New Book: Who Will Care for Us? Long-Term Care and the Long-Term Workforce
The number of elderly and disabled adults who require assistance with day-to-day activities is expected to double over the next twenty-five years. As a result, direct care workers such as home care aides and certified nursing assistants (CNAs) will become essential to many families. Yet these workers tend to be low-paid, poorly trained, and receive little respect. Is such a workforce capable of addressing the needs of our aging population?
In a new book from RSF, Who Will Care for Us?, economist Paul Osterman (MIT) assesses the challenges facing the long-term care industry. As New York Times reporter Eduardo Porter notes in a recent article citing the book, “How to provide long-term care for a fast-aging population poses one of the more convoluted challenges of the American labor market.” Who Will Care for Us? presents an innovative policy agenda that reconceives direct care workers’ work roles to improve both the quality of their jobs and the quality of elder care. As the Baby Boom generation ages, Osterman demonstrates the importance of restructuring the long-term care industry and establishing a new relationship between direct care workers, patients, and the medical system.
RSF Welcomes Visiting Scholar Class of 2017-2018
This month RSF welcomes fifteen visiting scholars and visiting journalist Nikole Hannah-Jones (New York Times Magazine). While in residence, they will pursue research that reflects RSF’s commitment to strengthening the social sciences and applying research more effectively to important social problems. The visiting scholars of 2017-2018 are:
New Fall 2017 Books from RSF
A first look at our four fall 2017 books is available on our website. The list includes Who Will Care for Us? an investigation of the challenges facing the long-term care industry and its low-wage workers; Bridging the Gaps, a study of how community colleges can better help nontraditional students achieve academic and job outcomes; Where Bad Jobs Are Better, a comparative study of retail work across different industries and countries; and Cycle of Segregation, an examination of the ways that everyday social processes shape residential segregation.
Two issues of RSF: The Russell Sage Foundation Journal of the Social Sciences will also be released this fall, and include “The Underground Gun Market,” edited by Philip J. Cook (Duke University) and Harold A. Pollack (University of Chicago), which brings together new research on firearms markets and the supply chains that deliver guns to dangerous offenders, and “New Immigrant Labor Market Niches,” edited by Susan Eckstein (Boston University) and Giovanni Peri (University of California, Davis), which examines how immigrant workers navigate the opportunities and constraints in various segments of the labor market.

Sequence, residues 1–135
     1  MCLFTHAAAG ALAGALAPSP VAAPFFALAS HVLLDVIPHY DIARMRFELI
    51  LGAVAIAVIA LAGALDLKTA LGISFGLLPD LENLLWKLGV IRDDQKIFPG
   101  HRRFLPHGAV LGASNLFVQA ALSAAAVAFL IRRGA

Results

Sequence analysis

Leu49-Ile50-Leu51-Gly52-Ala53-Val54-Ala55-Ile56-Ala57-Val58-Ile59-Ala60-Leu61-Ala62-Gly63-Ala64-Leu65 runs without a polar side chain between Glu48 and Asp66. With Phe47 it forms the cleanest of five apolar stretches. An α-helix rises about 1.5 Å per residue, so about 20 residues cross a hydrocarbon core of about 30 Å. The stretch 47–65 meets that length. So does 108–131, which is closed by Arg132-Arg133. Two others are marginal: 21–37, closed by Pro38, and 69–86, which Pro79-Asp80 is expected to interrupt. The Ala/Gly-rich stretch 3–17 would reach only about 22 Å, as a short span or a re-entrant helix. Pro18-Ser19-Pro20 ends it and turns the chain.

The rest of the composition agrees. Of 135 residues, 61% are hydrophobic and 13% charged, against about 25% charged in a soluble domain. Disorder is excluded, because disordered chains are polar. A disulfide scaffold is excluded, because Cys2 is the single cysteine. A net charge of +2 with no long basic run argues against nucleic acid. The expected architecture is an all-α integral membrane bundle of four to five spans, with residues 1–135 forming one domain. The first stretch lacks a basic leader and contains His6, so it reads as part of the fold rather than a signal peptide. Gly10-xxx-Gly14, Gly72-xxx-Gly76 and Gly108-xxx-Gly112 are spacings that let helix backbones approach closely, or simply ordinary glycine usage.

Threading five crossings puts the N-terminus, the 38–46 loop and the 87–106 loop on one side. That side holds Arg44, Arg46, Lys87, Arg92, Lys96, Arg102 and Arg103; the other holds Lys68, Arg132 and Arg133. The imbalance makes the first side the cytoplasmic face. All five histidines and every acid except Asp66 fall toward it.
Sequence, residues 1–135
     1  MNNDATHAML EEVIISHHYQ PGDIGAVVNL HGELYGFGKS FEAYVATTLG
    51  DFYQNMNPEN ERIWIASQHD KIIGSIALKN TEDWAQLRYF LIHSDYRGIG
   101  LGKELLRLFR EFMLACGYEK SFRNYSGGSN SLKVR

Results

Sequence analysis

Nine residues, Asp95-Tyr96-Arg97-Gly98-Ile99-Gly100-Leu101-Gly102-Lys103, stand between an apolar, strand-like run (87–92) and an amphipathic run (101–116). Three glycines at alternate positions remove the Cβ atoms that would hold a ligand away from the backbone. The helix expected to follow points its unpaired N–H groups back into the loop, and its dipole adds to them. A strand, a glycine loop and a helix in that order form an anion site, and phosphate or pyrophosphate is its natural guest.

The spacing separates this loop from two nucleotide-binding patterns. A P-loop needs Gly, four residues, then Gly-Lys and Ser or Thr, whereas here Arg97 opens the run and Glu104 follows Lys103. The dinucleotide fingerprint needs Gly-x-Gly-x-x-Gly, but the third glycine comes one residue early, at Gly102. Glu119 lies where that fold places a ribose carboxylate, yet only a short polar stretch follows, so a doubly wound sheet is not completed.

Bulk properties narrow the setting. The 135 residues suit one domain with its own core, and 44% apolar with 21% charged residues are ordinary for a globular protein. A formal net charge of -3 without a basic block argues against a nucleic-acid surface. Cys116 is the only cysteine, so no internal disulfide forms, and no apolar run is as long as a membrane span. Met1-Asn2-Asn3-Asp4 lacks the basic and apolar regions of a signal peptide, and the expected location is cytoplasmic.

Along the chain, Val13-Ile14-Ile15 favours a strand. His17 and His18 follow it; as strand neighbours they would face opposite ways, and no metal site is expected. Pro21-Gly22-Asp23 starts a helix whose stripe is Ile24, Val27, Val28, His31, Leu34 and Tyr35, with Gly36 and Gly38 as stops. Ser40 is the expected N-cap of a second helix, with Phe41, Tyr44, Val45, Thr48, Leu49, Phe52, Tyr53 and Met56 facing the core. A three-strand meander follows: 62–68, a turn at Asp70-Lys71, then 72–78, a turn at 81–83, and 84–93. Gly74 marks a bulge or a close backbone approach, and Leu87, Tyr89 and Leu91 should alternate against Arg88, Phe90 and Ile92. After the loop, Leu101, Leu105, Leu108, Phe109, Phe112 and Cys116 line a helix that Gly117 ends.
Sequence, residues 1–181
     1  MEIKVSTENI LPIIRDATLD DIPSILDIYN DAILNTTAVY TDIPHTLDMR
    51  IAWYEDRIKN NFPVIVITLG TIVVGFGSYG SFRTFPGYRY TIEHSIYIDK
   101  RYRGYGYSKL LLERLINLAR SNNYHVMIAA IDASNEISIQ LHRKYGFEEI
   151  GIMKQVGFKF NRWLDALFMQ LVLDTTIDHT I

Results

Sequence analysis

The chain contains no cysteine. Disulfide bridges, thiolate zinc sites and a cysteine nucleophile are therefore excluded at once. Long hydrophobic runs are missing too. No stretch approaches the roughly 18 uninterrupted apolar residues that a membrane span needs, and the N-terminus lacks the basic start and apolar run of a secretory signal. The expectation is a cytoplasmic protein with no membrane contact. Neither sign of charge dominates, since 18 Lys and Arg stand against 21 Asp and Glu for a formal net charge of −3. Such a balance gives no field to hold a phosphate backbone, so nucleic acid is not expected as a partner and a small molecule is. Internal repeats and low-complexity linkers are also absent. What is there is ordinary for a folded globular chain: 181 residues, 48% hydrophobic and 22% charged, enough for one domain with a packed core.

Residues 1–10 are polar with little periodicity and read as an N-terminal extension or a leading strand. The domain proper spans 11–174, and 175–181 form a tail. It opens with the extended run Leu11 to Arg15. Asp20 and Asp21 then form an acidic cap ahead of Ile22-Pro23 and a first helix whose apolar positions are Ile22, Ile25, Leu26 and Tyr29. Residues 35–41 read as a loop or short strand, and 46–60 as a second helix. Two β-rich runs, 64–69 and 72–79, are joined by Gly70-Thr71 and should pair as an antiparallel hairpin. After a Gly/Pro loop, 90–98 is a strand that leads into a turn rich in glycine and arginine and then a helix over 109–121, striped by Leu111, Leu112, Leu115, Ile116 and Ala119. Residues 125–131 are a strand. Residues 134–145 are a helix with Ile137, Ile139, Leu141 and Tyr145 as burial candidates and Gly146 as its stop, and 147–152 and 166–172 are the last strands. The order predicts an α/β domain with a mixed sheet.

New Article by RSF Grantees Explores Effects of DACA on the Mental Health of Children
Science magazine has published a paper based on research supported by the Russell Sage Foundation. A team of researchers, including RSF grantees Jens Hainmueller, Duncan Lawrence, Tomás Jiménez, Fernando Mendoza, and David Laitin (Stanford University), examined rates of mental health disorders among the U.S.-born children of DACA recipients. Using data from Oregon’s Emergency Medicaid program, the researchers tracked over 5,600 immigrant mothers born just before and after the DACA eligibility cutoff and analyzed stress-related mental health issues among their children, such as anxiety disorder and adjustment disorder. They found that the rate of stress-related mental illness among children born to DACA-eligible mothers was more than fifty percent lower than that of mothers not eligible for DACA.
RSF Funding Opportunities
RSF and the W. K. Kellogg Foundation are accepting letters of inquiry (LOIs) for a special initiative on non-standard employment until November 30, 2017 (2pm ET/11am PT). This initiative investigates the causes and consequences of the rise of alternative work arrangements, including temporary help agency workers, on-call workers, contract workers, and independent contractors or freelancers. View the call for LOIs and application guidelines.
RSF is also accepting LOIs for its special initiative with the Robert Wood Johnson Foundation on the Social, Political and Economic Effects of the Affordable Care Act until November 30, 2017 (2pm ET/11am PT). This initiative explores the effects of the ACA on outcomes such as financial security and family economic well-being, labor supply and demand, participation in other public programs, and family and children’s outcomes. View the call for LOIs and application guidelines.
RSF Books Win ASA Section Award, Honorable Mention
At the 2017 annual meeting of the American Sociological Association (ASA), RSF authors Stefanie DeLuca (Johns Hopkins University), Susan Clampet-Lundquist (St. Joseph’s University), and Kathryn Edin (Johns Hopkins University) received the William T. Goode Distinguished Book Award from the Section on the Sociology of the Family for their 2016 book Coming of Age in the Other America. The book explores how disadvantaged Baltimore youth manage to achieve upward mobility despite overwhelming odds and shows how public policies can help break the cycle of disadvantage. Read more or purchase a copy of the book.
RSF author Carla Shedd (CUNY Graduate Center) received Honorable Mention from the ASA Section on Inequality, Poverty, and Mobility for her book Unequal City: Race, Schools, and Perceptions of Injustice. Shedd investigates how low-income black and Latino youth in Chicago navigate their neighborhoods, life opportunities, and encounters with the law, focusing on how schools either reinforce or ameliorate the social inequalities that shape the worlds of these adolescents. Read more or purchase a copy of the book.